Almost on a par with the best value sat-nav – TomTom’s ONE – and with features that might make it more attractive to youIf Navman's S-series is an attempt to take on market leaders TomTom, then the S30 has to be better than that company's value offering, the ONE. And that is no small ask.
Built to last
For a start, it'll need to be well-built – and it is. Remove it from the minimalist packaging and you get the impression that the S30 can handle being knocked around in a glovebox, although the plastics used are not as quality feeling as the ONE's. The windscreen mount is small, but strong, and the USB power cable affixes to it for neatness.
Like the ONE, the S30's price point will appeal to first-time sat-nav users, sceptics and technophobes. It'll need to be easy to use. It is: menu icons are self-explanatory, address entry accuracy is helped by spoken feedback and actions are justified by on-screen animations.
The maps are good, with easy-to-read 3D turn arrows, and the spoken instructions are clear. On the right hand side of the screen, you can choose between a drop down panel of time and distance data or, by clicking on one, minimise the menu to show just one of the options.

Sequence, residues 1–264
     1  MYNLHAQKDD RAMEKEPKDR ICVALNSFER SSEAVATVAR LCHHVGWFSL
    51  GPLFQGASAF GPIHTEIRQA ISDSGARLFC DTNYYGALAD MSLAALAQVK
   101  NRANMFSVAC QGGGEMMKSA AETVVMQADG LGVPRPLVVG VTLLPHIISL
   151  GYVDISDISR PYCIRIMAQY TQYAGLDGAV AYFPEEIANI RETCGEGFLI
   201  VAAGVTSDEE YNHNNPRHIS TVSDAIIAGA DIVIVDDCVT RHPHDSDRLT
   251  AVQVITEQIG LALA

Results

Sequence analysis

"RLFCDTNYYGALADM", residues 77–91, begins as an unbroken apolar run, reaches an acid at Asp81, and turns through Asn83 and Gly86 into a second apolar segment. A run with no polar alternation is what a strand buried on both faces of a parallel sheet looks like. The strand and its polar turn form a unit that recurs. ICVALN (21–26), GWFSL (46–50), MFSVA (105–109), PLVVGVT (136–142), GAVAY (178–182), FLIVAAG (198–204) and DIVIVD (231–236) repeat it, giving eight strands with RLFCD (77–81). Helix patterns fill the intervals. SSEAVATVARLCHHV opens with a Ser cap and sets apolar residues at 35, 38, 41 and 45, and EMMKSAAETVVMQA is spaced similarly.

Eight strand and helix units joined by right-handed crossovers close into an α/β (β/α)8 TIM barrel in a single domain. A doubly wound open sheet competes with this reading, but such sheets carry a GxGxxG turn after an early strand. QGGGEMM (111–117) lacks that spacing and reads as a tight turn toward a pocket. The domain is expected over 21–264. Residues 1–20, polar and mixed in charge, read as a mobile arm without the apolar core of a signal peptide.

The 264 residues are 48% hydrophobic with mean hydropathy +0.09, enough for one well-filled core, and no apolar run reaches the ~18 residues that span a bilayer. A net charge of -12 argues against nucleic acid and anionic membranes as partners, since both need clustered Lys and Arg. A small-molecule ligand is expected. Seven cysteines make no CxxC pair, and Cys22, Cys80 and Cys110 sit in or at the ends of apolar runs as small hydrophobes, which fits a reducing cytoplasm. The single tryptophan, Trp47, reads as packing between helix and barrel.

And, it'll need to be dependable. It is, but with a few reservations. Firstly, Navmans used to have shortcut keys for finding the nearest fuel or parking. The S-series has software alternatives, a couple of presses back from the map screen. Not as quick. Mind you, the TomTom ONE is no quicker.
Also, once you have your list of nearby petrol stations, only a compass bearing tells you where it is in relation to you: an arrow or map overlay mode would be more helpful.
But, these are niggles. For the money, if you just need a UK map sat-nav that you can depend on, the S30 might well be it. The TomTom ONE is still better, but this runs it closer than anything else has.